City Hall takes aim at a beloved Venice treehouse
On May 22, a diligent public servant at Los Angeles City Hall wrote a letter to a Venice homeowner about the treehouse that’s been in her yard for 10 years. And you just know, don’t you, that a story with this beginning will not have a happy ending?
Back then, Antonio Villaraigosa was in his final weeks as mayor, having presided over a precipitous decline in city services during his eight years. He has since gone on to greater glory, signing on last week as an advisor with Herbalife, a company that has been accused of operating an illegal pyramid scheme and is under attack from Latino civil rights groups.
But I digress. The owner of the well-maintained treehouse is Eileen Erickson. She lives on a Venice walk street not all that far from a neighborhood I wrote about recently in which residents spent years begging the city to repave their horribly potholed streets, only to be told that they would have to pay to fix their own curbs first. So you can understand Erickson’s surprise and frustration when she opened the letter from the city’s Department of Building and Safety and read through two pages of bureaucratic gibberish identifying no fewer than 17 code violations. She was ordered to “demolish” the treehouse or face thousands of dollars in fines and possible imprisonment.
“Everyone thinks it’s ludicrous, given the many problems in the city,” Erickson wrote to her council office at one point during her ongoing nightmare. She noted in that correspondence that she gathered hundreds of signatures from neighbors hoping to save the treehouse, which has been treasured by many children.
Erickson would like to save the treehouse on principle, but there’s another motivation as well. And she got a little choked up when she told me about it.
“My husband passed away three years ago, and he was a Vietnam vet,” Erickson said of Sid, who suffered from neurological disease related to Agent Orange exposure.
Sid and Eileen, who had five children, had talked many times about replacing a play structure in their yard that had been destroyed, amazingly enough, by a direct lightning hit many years ago. Sid fancied a Cape Cod-style fort, but Eileen wanted something a little more Huck Finn. They came to a happy compromise only after reading about a guy named Jo Scheer, a Vietnam vet from Oregon who built hootch-style treehouses modeled after the structures he had seen during the war.
Eileen invited Scheer to come to L.A. with his family and stay with the Ericksons while he built the treehouse, with assistance from Sid. The two vets bonded instantly, and so did the rest of their families.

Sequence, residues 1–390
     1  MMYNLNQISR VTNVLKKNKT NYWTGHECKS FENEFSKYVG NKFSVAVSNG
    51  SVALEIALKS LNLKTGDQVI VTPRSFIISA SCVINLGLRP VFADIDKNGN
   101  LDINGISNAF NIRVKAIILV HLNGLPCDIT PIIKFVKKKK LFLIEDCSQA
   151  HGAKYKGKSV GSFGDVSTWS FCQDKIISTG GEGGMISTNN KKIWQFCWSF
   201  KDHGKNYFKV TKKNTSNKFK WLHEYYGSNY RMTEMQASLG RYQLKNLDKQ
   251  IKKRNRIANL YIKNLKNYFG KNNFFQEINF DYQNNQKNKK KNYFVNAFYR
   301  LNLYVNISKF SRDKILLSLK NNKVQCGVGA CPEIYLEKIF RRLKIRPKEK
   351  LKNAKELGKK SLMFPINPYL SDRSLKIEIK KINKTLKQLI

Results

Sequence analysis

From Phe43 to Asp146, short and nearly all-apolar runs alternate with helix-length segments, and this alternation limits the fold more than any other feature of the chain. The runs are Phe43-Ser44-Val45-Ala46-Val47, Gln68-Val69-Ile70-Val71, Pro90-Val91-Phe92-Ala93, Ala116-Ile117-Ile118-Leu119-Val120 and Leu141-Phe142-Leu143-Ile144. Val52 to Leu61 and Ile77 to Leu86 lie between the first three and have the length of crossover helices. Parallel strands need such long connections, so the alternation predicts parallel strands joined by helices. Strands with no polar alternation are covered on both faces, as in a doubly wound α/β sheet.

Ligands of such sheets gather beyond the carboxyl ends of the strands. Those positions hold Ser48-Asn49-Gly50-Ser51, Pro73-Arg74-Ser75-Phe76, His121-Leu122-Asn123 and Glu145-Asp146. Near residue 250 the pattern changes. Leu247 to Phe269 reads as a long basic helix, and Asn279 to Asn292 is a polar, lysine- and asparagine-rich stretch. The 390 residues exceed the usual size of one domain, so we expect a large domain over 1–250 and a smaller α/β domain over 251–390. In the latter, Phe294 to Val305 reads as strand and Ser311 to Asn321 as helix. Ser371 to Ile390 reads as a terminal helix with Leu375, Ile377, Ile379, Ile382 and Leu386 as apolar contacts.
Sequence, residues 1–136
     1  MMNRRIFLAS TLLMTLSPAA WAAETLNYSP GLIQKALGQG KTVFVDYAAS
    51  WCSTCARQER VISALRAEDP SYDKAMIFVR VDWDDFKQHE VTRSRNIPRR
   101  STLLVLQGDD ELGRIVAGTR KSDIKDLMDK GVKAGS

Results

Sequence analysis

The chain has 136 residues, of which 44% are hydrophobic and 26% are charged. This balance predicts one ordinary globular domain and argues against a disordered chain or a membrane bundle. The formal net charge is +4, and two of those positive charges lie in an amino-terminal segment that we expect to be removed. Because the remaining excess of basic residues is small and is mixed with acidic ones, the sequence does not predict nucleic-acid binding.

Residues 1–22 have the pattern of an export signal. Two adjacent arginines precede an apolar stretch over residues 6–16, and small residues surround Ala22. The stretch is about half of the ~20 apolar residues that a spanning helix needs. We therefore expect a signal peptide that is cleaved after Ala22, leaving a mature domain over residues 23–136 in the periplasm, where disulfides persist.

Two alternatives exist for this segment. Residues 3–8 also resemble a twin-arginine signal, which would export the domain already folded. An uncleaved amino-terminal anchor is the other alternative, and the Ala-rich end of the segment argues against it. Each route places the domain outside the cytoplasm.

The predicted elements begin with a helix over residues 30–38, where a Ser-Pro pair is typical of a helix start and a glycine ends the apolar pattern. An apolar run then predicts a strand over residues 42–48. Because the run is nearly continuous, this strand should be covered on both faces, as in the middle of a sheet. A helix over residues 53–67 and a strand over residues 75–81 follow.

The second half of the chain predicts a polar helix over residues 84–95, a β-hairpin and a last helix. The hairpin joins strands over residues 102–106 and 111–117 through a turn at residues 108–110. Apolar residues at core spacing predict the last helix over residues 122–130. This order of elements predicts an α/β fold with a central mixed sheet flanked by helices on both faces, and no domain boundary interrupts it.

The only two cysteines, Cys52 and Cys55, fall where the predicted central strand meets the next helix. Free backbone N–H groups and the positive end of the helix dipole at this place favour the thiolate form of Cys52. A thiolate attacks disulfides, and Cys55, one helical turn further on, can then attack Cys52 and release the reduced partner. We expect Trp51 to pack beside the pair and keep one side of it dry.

“We had a blast,” said Scheer, whose family enjoyed bike rides on Venice Beach, which they hadn’t visited prior to the invitation from the Ericksons.
The treehouse, meanwhile, was a bamboo masterpiece, caressed by pine and fig tree branches and featuring a basket and pulley to raise cookies, lemonade and other treats up to the shaded, treetop oasis. The Erickson kids loved it, as the grandchildren now do, and everyone in the neighborhood is welcome to join them.
Adults have gotten their kicks up there too. Eileen hosted a book club meeting in the treehouse, and on special occasions, she and Sid enjoyed romantic overnight stays under rustling leaves and salt-air drifts.
And then 10 years in, out of the blue, came the letter saying the treehouse was built without permits and had to be destroyed and removed.
“An inspection has revealed that the property … is in violation of Los Angeles Municipal Code sections listed below,” it said, adding that Eileen would be charged $356.16 for the inspection and could be in for thousands of additional dollars in permit fees and penalties, if not imprisonment.
Erickson has been speaking out against McMansionization of houses in Venice, and she suspects that one of the local mansionizers tried to get back at her by reporting the treehouse to City Hall. But Erickson was unaware that a permit was needed, and in fact had seen a Times story on treehouses that led her to believe hers was in compliance.
She has since spent countless mind-numbing hours trying to get hold of city officials, visiting city offices, trying to decipher municipal codes and having more than a few emails and phone calls ignored. On Friday, Councilman Mike Bonin’s staff apologized for not getting back to her and promised there would be an effort to help Erickson “navigate through the system” and “help close the gap between where you are and where you need to be….”
Erickson said she is reluctantly willing to pay a $3,500 fee for a variance, but there would be no guarantee that her problems would end with that. Based on her research, she suspects another reason the city might swing a wrecking ball is that the treehouse — and the trees, which were there long before she and Sid arrived on the scene — are too close to a public right of way that takes pedestrians along the walk street.
It’s all a little unclear at the moment how things will end.
What is clear is that in a city with countless code violations and thousands of miles of ruptured sidewalks and bombed-out streets, there ought to be smarter use of time and resources, and doing business with City Hall shouldn’t always have to be such a nightmare.
Yeah, there may technically be a code violation here. But can’t just one public servant somewhere in the machinery have the sense to say, “Hey, we’ve got better things to do than dig up 17 code violations on a few grandchildren having a lemonade and graham cracker party in a treehouse on their own property?”
Come on now. Am I asking too much?
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